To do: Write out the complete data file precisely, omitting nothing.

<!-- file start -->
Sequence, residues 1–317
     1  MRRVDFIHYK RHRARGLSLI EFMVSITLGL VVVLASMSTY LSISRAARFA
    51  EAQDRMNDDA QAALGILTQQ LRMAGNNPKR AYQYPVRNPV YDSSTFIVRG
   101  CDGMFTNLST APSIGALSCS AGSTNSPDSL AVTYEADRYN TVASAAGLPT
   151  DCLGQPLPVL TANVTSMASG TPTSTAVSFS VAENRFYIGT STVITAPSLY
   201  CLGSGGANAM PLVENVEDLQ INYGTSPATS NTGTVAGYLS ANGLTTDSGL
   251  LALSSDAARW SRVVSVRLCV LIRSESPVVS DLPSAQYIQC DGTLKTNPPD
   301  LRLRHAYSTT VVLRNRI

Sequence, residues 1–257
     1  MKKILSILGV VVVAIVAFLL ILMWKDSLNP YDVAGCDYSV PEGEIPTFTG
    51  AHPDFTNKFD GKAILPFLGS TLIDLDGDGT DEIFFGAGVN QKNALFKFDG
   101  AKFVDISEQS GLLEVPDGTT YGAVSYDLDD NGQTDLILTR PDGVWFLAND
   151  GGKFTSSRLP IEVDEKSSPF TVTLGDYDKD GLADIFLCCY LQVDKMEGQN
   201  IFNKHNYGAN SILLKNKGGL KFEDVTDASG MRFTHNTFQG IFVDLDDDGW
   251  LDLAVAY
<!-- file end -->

Sequence, residues 1–317
     1  MRRVDFIHYK RHRARGLSLI EFMVSITLGL VVVLASMSTY LSISRAARFA
    51  EAQDRMNDDA QAALGILTQQ LRMAGNNPKR AYQYPVRNPV YDSSTFIVRG
   101  CDGMFTNLST APSIGALSCS AGSTNSPDSL AVTYEADRYN TVASAAGLPT
   151  DCLGQPLPVL TANVTSMASG TPTSTAVSFS VAENRFYIGT STVITAPSLY
   201  CLGSGGANAM PLVENVEDLQ INYGTSPATS NTGTVAGYLS ANGLTTDSGL
   251  LALSSDAARW SRVVSVRLCV LIRSESPVVS DLPSAQYIQC DGTLKTNPPD
   301  LRLRHAYSTT VVLRNRI

Sequence, residues 1–257
     1  MKKILSILGV VVVAIVAFLL ILMWKDSLNP YDVAGCDYSV PEGEIPTFTG
    51  AHPDFTNKFD GKAILPFLGS TLIDLDGDGT DEIFFGAGVN QKNALFKFDG
   101  AKFVDISEQS GLLEVPDGTT YGAVSYDLDD NGQTDLILTR PDGVWFLAND
   151  GGKFTSSRLP IEVDEKSSPF TVTLGDYDKD GLADIFLCCY LQVDKMEGQN
   201  IFNKHNYGAN SILLKNKGGL KFEDVTDASG MRFTHNTFQG IFVDLDDDGW
   251  LDLAVAY